by Allen Casey
Most of us aspire to a successful career often measured by a rewarding job, a stable family life and an accumulation of assets to support our retirement years. At some point, we contemplate our legacy to family, friends, and perhaps organizations which touched our lives.
This latter point is especially significant to me. I can say without reservation that no organization has affected my life more than the American Council of the Blind (ACB). When I lost much of my sight at the peak of my professional career, I was introduced to ACB and the support, friendships and opportunities it freely offers to the blind and visually impaired. While I could never repay ACB for all it has given me, at the very least I can and have included ACB as a beneficiary in my will. If my action enables ACB to help just one person, lobby for the enactment of one accessibility regulation or heighten public awareness of the abilities and contributions of one blind or visually impaired person, then I have created a legacy of value.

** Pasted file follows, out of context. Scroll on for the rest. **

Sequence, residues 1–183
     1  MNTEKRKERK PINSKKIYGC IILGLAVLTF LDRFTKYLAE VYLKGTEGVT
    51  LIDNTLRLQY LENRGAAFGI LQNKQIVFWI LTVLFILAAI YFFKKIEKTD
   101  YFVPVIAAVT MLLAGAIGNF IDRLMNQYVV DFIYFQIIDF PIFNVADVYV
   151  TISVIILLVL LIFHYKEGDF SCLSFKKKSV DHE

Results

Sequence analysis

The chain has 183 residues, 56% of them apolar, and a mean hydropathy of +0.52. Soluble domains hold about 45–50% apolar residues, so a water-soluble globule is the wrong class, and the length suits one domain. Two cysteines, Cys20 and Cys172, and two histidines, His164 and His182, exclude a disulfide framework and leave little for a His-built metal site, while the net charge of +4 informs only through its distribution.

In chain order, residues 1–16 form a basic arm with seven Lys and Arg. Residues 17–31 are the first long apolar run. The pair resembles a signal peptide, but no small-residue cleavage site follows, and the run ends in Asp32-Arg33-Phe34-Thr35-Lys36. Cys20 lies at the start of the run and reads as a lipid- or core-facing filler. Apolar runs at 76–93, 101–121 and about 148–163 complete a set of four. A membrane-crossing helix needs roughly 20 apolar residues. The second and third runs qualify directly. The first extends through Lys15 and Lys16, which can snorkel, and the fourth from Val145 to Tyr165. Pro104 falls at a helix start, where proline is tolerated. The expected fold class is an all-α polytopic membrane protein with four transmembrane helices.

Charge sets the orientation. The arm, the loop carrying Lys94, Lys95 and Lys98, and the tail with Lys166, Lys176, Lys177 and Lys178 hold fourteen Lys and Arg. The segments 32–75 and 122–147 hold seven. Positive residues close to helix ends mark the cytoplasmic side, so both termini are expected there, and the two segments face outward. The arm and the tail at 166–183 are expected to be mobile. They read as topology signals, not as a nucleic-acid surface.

Stated simply, it costs one nothing to leave something of value to ACB.